The Spanish were the first to discover the Northern Marianas, arriving in 1521 when Ferdinand Magellan landed. After being greeted with refreshments by the locals, Magellan burned several of the village homes and then killed a number of the Chamorro natives after finding one of his boats allegedly stolen. He claimed the islands for Spain, and the Spanish maintain control over the islands until they sold it to the Germans in 1899. The Japanese took over the islands during WWI, before the Americans liberated it in WWII. The islands today are self-governing but enjoy a political union with the United States.
The Northern Marianas are home to a number of WWII memorials and historic sites, including underwater shipwrecks and sunken tanks. These underwater remnants along with the coral reefs and the myriad tropical fishes (like the manta ray, parrotfish, anthias, and hawkfish) make the islands a great place for scuba diving, snorkeling, and sportfishing.
The lush, tropical jungles are also great for bird-watching, as there are more than 40 species of endemic birds, including the Collared Kingfisher on Saipan and tropical terns on Bird Island. You might catch a glimpse of the rare Phillipine deers, fruit bats, or monitor lizards. In the interiors, you’ll also find a diverse flora that includes the Hibiscus, the red Flaming Trees, the Hong Kong Orchid, the Ironwood, the African Tulip, along with the customary coconut, banana, and papaya trees.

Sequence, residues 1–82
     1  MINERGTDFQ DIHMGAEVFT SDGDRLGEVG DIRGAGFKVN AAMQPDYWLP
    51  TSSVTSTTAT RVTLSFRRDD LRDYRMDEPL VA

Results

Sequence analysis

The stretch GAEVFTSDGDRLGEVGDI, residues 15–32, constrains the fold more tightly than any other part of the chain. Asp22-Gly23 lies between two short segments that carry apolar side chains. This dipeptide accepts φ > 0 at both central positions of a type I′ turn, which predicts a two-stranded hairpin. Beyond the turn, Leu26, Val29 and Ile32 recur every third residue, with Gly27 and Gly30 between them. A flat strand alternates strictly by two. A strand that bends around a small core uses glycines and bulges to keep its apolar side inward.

Gambling is also a big draw, especially among Asian tourists. The Dynasty Hotel and Casino is located in Tinian and is a complex of hotels, restaurants, and luxury shops near Chogna and Taga beach.
The food in the Northern Marianas is first-rate and eclectic as well. There are several local seafood specialties and fresh local fishes, and you can choose from an assortment of different cuisines: Chamorro, Carolinian, American, Chinese, Korean, Japanese, Filipino, Italian, and Indian.
But the Northern Mariana Islands are perhaps best known for its colorful festivals. These elaborate events offer exotic food and drinks, traditional dancing, cultural music, and participation in local crafts. In Tinian, for example, there is a Hot Pepper festival in February when the islands’ local arts and crafts, food and drinks, and cultural dance performances are showcased in a competitive format. The festival celebrates the famous Tinian Hot Pepper and features a hot pepper eating contest. The San Isidro Fiesta, held in Rota every March, is another example. The fiesta celebrates the patron saint and is a big community potluck, highlighted by a golf tournament and a cockfight derby. Most of the Mariana festivals, whether in Saipan, Tinian, or Rota, take place between February and July.
Anonymous user updated 11 years ago
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